(Adds details on China, shipments to USA, imports)

* March exports rise slower than expected year-over-year

* Imports gain more than expected year-over-year

* March trade deficit 412.4 billion yen

TOKYO, April 20 (Reuters) – Japan posted a trade deficit for the eighth straight month in March as soaring energy and commodity prices raised the cost of imports, deepening the country’s economic woes following of the Ukrainian crisis.

Exports rose less than expected as growth in shipments to major trading partner China slowed, data showed on Wednesday, suggesting the economy continues to face risks from global supply constraints and to the coronavirus pandemic.

Imports soared 31.2% on the year to March, Finance Ministry data showed on Wednesday, above median market forecasts for a 28.9% gain in a Reuters poll.

That topped a 14.7% year-on-year increase in exports last month, resulting in a trade deficit of 412.4 billion yen ($3.19 billion), which was higher than the 100.8 billion deficit. yen expected in a Reuters poll.

While the March deficit marked the eighth consecutive month of year-on-year deficits, it was the narrowest gap in five months.

By region, exports to China, Japan’s largest trading partner, rose 2.9% in the 12 months to March on stronger shipments of electronic projectors to the country, a growth weaker than the 25.8% jump of the previous month.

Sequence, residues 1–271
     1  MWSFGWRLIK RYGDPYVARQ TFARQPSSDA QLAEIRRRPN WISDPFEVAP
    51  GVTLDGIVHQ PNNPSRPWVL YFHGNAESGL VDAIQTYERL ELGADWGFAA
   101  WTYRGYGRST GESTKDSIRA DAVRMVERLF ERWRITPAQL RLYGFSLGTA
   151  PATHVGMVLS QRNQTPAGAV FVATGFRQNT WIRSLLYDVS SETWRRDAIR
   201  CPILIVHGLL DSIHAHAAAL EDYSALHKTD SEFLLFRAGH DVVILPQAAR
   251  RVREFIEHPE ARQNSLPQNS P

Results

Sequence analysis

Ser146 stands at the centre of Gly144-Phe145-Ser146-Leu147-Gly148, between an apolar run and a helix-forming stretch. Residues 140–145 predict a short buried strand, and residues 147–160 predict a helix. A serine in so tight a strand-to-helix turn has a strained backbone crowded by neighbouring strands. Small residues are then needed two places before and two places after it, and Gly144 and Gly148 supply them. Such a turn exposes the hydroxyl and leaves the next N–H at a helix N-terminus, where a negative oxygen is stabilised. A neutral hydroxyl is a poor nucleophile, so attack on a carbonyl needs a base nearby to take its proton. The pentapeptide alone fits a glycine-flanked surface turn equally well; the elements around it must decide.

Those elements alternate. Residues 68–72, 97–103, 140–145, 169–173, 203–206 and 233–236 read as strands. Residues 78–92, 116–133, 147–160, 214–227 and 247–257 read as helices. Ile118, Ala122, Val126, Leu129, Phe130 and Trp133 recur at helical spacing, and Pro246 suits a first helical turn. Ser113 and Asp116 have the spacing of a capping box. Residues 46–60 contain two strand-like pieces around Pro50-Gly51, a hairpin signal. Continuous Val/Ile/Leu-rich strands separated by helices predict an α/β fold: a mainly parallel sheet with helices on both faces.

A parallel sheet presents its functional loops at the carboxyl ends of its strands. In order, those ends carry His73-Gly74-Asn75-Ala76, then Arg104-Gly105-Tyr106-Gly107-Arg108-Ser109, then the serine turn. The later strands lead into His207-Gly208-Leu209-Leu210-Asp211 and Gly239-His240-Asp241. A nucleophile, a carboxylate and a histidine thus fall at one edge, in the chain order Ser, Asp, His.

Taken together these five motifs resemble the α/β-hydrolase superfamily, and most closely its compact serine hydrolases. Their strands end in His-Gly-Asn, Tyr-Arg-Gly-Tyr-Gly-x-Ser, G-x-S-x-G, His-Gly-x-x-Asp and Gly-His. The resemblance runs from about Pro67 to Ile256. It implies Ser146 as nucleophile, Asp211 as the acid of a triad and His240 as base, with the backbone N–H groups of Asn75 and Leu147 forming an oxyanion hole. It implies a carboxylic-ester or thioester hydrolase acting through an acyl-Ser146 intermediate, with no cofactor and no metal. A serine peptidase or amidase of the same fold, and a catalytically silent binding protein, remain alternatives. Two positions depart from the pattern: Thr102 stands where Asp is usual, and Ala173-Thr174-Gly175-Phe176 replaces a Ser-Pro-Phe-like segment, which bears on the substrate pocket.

Exports to the United States, the world’s largest economy, rose 23.8% in March, on stronger shipments of auto parts and power-generating machinery.

Imports were mainly boosted by larger shipments of oil from the United Arab Emirates and coal and liquefied natural gas from Australia, the data showed.

Japan’s economy is expected to grow 4.9% annualized in the current quarter on the back of a pickup in consumer activity after the government ended measures to combat the coronavirus pandemic last month.

But a rapid weakening of the yen, which has slid to its lowest level in two decades against the dollar on the prospect of widening interest rate differentials between the United States and Japan, is inflating the costs of already rising imports of fuel and food. ($1 = 129.1800 yen) (Reporting by Daniel Leussink; Editing by Christopher Cushing)